Exposure with response prevention (ERP) for body dissatisfaction in a group therapy format: an exploratory study

  • Brad A. Mac NeilEmail author
  • Pauline Leung
  • Vanessa Montemarano
Original Article



The aim of this exploratory study was to examine patient satisfaction and outcomes from exposure with response prevention (ERP) delivered in a group therapy format. The group was aimed at addressing eating disorder symptoms associated with body dissatisfaction in the later stages of outpatient treatment.


33 adults with a DSM-5 diagnosis of an eating disorder participated in the ERP group. Participants completed pre- and post-ERP group measures of depression, anxiety, self-evaluation based on body image, restraint, eating concern, weight concern, shape concern, upward and downward appearance comparisons, and patient satisfaction.


Involvement in the ERP group was associated with significant decreases in self-evaluation based on body image, restraint, eating concern, weight concern, shape concern, and upward physical appearance comparisons post-group treatment. This adjunct treatment group was well received and viewed as being helpful by participants.


ERP in a group therapy format for addressing body dissatisfaction may represent a complimentary approach to current evidence-based treatments for an eating disorder, and warrant further investigation.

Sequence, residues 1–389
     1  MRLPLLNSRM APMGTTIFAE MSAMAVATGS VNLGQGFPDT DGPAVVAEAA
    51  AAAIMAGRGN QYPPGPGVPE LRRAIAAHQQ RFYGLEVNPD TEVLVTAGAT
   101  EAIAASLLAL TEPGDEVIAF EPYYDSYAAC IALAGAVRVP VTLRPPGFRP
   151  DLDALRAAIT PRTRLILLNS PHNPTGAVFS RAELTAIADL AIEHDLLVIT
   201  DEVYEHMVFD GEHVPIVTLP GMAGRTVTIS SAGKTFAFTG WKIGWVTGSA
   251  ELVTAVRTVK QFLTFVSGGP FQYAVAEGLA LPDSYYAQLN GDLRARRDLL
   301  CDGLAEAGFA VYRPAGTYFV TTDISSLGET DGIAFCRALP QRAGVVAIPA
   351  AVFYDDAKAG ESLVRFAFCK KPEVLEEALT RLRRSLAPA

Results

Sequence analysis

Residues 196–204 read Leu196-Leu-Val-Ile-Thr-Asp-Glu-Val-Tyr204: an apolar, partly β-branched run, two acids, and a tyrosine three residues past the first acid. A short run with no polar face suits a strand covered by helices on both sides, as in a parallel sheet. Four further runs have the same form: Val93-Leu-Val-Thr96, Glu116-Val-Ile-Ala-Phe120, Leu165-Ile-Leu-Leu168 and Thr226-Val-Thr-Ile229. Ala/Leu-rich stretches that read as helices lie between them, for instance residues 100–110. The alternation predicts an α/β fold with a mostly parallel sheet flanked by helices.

Body image Body dissatisfaction Group therapy Exposure with response prevention (ERP) Patient satisfaction 



We would like to thank all members of the AEDP, and the patients who consented to take part in the clinics program evaluation research as part of their care. Special thanks to Cathy O’Brien, social worker who was a group facilitator, Dr. Pallavi Nadkarni, attending psychiatrist, as well as the clinical psychology practicum students and psychiatry residents from Queens University who helped co-facilitate the group.

Compliance with ethical standards

Conflict of interest

The authors have none to disclose.

Informed consent

Informed consent was obtained and all participants provided written consent to participate.

Research involving human participants

This study met ethical compliance and clearance through the Queens University Health Sciences and Affiliated Teaching Hospitals Research Ethics Board as part of the clinics ongoing program evaluation research.


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Copyright information

© Springer International Publishing Switzerland 2016

Authors and Affiliations

  • Brad A. Mac Neil
    • 1
    • 2
    • 3
    Email author
  • Pauline Leung
    • 1
    • 3
  • Vanessa Montemarano
    • 1
  1. 1.Adult Eating Disorders Program (AEDP) of Hotel Dieu Hospital, Adult Outpatient PsychiatryKingstonCanada
  2. 2.Department of PsychiatryQueens UniversityKingstonCanada
  3. 3.Department of PsychologyQueens UniversityKingstonCanada

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